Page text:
Abstract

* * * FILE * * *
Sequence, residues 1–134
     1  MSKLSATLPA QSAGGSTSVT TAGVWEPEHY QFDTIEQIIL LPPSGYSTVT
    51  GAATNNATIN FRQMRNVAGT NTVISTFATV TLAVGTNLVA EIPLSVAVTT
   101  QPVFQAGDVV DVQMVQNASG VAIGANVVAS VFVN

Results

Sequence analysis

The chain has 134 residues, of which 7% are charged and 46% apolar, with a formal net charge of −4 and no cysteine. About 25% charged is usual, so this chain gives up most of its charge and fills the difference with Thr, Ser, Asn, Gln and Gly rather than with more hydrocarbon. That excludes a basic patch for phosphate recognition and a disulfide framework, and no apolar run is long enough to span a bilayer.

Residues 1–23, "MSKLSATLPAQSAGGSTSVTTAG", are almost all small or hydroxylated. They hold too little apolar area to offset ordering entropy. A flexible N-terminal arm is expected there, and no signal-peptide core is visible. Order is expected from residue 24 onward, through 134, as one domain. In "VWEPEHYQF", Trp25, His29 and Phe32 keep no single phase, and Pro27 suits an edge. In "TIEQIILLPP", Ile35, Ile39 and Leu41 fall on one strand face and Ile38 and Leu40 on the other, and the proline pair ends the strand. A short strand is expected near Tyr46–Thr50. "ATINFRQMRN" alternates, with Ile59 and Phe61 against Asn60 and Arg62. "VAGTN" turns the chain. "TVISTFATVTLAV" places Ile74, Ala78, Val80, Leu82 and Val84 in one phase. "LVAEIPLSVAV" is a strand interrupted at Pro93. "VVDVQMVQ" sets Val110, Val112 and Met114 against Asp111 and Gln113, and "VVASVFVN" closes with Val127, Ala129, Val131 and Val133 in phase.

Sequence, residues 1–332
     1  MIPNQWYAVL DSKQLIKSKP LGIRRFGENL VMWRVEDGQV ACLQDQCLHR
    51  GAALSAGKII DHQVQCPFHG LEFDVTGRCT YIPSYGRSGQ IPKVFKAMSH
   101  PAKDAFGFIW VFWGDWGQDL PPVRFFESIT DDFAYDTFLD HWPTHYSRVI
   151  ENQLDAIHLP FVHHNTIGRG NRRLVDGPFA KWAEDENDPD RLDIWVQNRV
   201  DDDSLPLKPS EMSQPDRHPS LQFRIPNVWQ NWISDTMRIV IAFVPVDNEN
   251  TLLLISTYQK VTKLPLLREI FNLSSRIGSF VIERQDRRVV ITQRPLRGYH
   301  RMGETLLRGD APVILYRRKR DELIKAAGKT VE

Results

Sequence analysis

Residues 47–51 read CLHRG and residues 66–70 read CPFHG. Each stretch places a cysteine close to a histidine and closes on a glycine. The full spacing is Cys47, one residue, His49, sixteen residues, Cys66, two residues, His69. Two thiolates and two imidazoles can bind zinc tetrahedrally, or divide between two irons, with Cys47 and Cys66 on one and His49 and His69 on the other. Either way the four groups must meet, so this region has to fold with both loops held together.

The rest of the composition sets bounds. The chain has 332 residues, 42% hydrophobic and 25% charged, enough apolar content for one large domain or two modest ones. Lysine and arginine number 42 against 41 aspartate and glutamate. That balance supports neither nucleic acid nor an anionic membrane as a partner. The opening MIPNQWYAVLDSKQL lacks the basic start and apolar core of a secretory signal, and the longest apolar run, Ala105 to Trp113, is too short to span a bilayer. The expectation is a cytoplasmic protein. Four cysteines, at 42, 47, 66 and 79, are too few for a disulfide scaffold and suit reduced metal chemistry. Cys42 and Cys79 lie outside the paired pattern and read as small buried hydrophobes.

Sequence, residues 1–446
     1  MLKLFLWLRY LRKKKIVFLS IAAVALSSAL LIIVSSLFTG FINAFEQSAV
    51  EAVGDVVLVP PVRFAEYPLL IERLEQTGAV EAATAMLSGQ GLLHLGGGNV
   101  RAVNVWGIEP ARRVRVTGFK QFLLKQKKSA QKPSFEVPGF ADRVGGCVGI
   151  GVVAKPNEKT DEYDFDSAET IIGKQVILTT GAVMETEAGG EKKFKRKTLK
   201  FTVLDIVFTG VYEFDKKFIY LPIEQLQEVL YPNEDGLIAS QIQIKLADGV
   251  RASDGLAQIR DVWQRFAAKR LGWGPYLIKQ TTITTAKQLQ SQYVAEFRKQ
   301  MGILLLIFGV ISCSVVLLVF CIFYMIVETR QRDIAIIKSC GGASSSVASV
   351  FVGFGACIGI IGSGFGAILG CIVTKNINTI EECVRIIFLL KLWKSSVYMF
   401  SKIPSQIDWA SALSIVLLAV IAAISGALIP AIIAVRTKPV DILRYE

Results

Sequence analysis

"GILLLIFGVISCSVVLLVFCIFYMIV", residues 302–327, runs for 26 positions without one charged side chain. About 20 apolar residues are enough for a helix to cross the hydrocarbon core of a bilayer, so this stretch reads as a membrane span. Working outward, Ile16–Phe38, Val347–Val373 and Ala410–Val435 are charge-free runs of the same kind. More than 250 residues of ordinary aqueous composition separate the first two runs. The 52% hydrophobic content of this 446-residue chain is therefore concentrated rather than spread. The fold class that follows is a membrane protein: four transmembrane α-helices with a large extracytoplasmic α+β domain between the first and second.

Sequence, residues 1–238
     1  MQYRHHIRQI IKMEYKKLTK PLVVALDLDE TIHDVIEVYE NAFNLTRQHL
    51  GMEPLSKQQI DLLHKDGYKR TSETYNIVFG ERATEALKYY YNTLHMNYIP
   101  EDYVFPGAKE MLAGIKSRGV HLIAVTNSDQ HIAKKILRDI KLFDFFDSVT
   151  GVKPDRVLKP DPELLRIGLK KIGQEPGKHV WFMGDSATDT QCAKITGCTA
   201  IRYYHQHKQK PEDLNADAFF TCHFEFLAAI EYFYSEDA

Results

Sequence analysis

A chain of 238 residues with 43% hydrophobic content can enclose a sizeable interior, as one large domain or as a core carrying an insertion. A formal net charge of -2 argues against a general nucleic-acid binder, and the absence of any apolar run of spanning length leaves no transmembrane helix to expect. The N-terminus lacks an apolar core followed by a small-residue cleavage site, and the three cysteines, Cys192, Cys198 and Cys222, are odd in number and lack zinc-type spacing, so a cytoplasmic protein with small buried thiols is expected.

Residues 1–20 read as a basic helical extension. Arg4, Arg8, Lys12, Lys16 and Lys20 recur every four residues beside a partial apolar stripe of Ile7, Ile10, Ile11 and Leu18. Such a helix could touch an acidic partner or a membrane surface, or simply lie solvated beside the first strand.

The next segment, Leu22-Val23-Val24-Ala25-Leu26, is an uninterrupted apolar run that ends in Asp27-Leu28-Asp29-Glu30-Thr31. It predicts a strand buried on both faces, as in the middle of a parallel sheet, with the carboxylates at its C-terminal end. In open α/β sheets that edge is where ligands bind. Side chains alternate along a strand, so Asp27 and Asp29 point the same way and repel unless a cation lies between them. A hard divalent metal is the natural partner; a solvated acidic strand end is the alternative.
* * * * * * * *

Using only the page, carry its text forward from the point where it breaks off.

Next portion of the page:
Keuper (Upper Triassic) fluvial sandstones and nonmarine carbonate rocks form a major oil reservoir in the western Paris Basin at burial depths of nearly equal 2 km. Early-diagenetic processes comprise red-bed-type diagenesis (mechanical clay infiltration, iron-oxide precipitation) and extensive dolocrete formation both in fluvial channels and in fine-grained overbank sediments. Locally significant paleokarst created vuggy dissolution porosity in the carbonate units and probably also caused leaching of detrital alkali feldspar grains. Oxygen, carbon, and strontium isotope analyses of various eogenetic cements indicate a nonmarine pore-water composition. Ferroan carbonates, authigenic albite and potassium feldspar, quartz, sulfates, sulfides, and clay minerals formed subsequent to major mechanical compaction. Their isotopic compositions record significant changes in the chemistry of the parent pore water. Cl-Br relationships of the present-day pore water reveal that fluids saturated with respect to halite flushed the reservoir during burial. This is documented by the oxygen-isotope composition of the burial cements. Based on radiogenic dating of illite cements, influx of warm brines into the reservoir most likely occurred during the earliest Cretaceous. At this time the margins of the basin were uplifted by late Cimmerian tectonism, resulting in an unconformity at the Jurassic/Cretaceous boundary. We suggest that uplift of the Vosges crustal block created a hydraulic head in the eastern part of the basin and established a gravity-driven fluid flow system, displacing interstitial brines from the Keuper evaporites from the eastern part towards the western part of the basin. Fluid-inclusion studies indicate that brine-influenced cementation occurred at progressively higher temperatures, reaching peak temperatures of <= 140 degrees C. These high subsurface temperatures could not have been caused by advective heat transport, but most likely resulted from a combination of maximum burial depth, high surface temperatures, and thermal blanketing during the Late Cretaceous. A second gravity-driven fluid flow system was established during the Oligocene by major uplift, and freshwater flushed the Keuper reservoir (mainly from the south), causing brine dilution. The present-day pore water in the study area is still saline (50-100 g/l TDS), and mass-balance calculations indicate that the ratio of basinal brines to Tertiary meteoric water is about 1:2.

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